The adage holds that the definition of insanity is doing the same thing over and over again and expecting different results. For the supplement industry, however, a more apt version would be “reading the same headline over and over again."
The headline in the Washington Post last week was “Diet, weight loss and sex supplements tainted with unapproved drugs," and some variation of that alert ran in countless news outlets. All of them were in reference to a study published by the California Department of Food and Agriculture that identified 776 adulterated supplements from 146 different companies containing pharmaceutical ingredients–including Viagra. Predictably, nearly 90 percent of them fell into the sports, sex and weight loss categories.
It’s one of those stories that’s simultaneously shocking and not surprising. I’ve seen this story before. I’ve written this story before. Break open enough tablets and capsules in the suspect categories, and you’ll find prescription drugs. Put those findings in a study and you’ll get headlines, as you should.
That this rendition of the story made it into the Journal of the American Medical Association raises the profile some, but for anybody who’s been paying attention it becomes a matter of different study, same results, same responses. We’ve certainly seen Harvard doctor and vocal supplement critic Pieter Cohen’s name attached to these kinds of stories before, and so it was in this instance when JAMA gave him space for a guest editorial. We’ve heard the trade associations declare that the products are drugs, not supplements.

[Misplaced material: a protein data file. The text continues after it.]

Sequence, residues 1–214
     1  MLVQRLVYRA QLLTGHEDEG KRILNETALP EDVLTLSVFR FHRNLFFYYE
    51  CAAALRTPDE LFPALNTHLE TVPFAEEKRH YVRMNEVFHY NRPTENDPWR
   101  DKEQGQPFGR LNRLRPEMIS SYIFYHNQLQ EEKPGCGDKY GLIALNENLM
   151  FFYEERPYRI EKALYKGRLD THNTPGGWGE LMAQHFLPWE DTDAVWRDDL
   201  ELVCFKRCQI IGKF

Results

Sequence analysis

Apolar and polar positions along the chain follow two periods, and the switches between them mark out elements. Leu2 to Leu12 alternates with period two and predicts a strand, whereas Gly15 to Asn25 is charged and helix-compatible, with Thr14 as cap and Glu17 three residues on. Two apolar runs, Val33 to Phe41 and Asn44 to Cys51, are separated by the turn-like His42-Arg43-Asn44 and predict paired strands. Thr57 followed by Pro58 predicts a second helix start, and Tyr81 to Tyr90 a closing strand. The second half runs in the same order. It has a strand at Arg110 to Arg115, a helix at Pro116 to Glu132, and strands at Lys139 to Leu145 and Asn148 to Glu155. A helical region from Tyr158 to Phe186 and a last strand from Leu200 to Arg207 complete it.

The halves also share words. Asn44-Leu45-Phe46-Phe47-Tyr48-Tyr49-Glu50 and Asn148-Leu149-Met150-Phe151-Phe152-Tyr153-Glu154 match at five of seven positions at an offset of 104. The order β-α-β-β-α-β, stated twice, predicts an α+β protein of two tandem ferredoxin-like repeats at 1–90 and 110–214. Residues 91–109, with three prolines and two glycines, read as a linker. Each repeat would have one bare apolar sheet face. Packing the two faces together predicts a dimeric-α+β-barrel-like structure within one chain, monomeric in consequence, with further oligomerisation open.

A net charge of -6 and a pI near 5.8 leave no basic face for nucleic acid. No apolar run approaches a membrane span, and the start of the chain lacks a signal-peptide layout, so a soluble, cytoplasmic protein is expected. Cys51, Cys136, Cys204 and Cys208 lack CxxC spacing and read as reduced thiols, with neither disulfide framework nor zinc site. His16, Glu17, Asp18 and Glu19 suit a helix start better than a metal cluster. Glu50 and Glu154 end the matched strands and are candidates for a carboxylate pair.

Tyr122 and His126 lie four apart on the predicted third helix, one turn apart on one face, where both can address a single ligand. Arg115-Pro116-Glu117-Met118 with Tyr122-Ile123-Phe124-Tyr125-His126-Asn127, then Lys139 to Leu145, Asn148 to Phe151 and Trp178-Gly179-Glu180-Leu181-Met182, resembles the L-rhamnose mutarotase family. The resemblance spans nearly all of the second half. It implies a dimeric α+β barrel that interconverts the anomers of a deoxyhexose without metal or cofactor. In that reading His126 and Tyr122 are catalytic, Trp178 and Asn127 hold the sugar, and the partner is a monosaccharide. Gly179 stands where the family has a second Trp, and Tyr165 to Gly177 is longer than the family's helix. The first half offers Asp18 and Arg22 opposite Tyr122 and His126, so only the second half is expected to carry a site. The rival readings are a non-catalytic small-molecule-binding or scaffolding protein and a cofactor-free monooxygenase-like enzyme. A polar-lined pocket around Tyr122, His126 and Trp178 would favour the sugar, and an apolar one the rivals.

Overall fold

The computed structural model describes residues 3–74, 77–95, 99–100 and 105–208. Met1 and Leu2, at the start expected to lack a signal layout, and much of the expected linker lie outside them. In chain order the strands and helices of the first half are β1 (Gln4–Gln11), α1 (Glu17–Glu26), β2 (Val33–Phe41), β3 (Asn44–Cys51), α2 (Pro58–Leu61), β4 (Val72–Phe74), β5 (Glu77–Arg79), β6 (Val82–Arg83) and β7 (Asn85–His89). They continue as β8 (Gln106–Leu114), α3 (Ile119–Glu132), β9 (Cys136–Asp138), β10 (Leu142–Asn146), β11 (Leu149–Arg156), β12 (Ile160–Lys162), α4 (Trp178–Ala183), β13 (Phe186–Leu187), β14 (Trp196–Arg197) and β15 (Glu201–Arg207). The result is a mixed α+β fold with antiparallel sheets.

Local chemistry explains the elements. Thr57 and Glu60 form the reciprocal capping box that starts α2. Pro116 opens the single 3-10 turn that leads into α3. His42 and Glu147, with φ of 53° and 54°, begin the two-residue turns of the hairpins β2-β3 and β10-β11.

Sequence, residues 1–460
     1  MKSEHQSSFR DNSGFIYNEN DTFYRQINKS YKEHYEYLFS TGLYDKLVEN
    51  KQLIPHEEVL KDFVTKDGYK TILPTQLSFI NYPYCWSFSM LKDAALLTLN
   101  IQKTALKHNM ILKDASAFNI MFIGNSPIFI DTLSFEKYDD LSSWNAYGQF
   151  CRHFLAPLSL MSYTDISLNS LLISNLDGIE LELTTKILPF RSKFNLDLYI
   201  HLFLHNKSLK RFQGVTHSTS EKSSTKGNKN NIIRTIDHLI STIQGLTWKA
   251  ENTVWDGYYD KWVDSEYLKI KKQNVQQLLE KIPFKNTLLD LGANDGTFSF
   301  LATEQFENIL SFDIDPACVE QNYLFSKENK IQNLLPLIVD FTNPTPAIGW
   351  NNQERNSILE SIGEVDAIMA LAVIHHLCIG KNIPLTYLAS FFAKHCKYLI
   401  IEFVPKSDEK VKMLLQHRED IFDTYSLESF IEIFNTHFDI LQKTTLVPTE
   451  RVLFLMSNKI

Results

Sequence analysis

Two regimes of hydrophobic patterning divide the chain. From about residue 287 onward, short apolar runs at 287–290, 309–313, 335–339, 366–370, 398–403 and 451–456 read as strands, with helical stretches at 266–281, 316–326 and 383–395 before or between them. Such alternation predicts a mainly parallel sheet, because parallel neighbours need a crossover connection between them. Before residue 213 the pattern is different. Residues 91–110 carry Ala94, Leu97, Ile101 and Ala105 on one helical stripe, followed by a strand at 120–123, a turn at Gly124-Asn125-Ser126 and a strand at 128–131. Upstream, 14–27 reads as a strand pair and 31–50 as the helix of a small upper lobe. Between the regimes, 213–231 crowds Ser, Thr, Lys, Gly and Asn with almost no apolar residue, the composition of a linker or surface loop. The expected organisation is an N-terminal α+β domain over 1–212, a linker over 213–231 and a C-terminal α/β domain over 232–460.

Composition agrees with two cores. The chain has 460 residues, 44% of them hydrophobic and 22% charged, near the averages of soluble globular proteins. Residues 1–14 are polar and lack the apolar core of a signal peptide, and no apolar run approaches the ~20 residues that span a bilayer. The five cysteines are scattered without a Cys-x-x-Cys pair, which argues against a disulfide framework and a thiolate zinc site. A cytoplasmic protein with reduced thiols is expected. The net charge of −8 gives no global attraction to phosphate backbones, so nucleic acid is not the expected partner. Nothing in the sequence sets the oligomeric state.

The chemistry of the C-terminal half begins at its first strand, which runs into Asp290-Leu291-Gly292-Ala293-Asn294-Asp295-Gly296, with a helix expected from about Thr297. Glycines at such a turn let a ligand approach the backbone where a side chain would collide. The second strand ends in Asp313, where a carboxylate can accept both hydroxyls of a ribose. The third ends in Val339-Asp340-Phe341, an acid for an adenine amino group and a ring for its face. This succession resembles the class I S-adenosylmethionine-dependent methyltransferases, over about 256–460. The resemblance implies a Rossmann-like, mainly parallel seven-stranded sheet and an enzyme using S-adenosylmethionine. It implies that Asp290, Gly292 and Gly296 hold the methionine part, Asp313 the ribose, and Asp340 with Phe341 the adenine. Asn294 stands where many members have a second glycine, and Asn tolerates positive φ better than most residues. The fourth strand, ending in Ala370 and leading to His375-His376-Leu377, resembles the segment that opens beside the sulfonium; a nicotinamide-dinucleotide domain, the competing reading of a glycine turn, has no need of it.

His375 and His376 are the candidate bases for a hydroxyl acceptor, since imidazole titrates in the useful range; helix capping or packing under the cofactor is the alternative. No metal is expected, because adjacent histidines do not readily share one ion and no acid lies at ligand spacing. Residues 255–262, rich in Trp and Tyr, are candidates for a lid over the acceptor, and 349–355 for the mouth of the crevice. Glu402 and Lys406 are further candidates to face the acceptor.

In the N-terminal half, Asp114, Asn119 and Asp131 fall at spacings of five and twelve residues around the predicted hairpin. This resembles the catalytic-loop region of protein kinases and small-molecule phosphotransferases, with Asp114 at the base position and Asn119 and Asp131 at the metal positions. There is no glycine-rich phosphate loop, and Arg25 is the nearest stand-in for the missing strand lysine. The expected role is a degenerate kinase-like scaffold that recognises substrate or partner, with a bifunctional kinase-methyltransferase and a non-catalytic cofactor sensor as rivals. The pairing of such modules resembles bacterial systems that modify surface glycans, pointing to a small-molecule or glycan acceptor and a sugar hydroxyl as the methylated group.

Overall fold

It’s all so maddeningly familiar–shocking, but not surprising.
I would like to be surprised. I would like to see the FDA step up with better enforcement. I would like to see better transparency imposed on the players that hide behind internet ads and shady marketing. The Council for Responsible Nutrition’s efforts with the National Advertising Division is laudable, but the results could be more declarative. CRN answered the headlines last week with a public service announcement offering tips on how to avoid supplements adulterated with pharmaceuticals, but I’d like to see the trade associations coordinate a robust education program that keeps the awareness of this issue going when it’s not in the news. We couldn’t find the latest headlines that addressed this issue on websites for the United Natural Products Alliance, the Natural Products Association and the American Herbal Products Association.
The leaders of the industry are doing the right things and saying the right things, but are they actually leading the industry? Or are they simply defending it?
The good players versus bad players dialogue is valid, but it’s largely a conversation at trade shows and not in the public realm. That conversation needs to be had not only at a higher volume and profile, it also needs to be more detailed and in-depth to the point of calling out the suspect categories and suspect companies. We’ve remarked on several occasions that “you can’t say you’re cleaning house if you’re not willing to show the dirt.” “If it’s too good to be true, it probably is” sounds vague because it is vague.
As loud and explicit as the house cleaning and call outs might be, such efforts are unlikely to solve the problem entirely. But this is no reason to not try harder.
Reading the same headlines and expecting different results is insanity. Reading the same headlines and responding the same way is closer to complicity.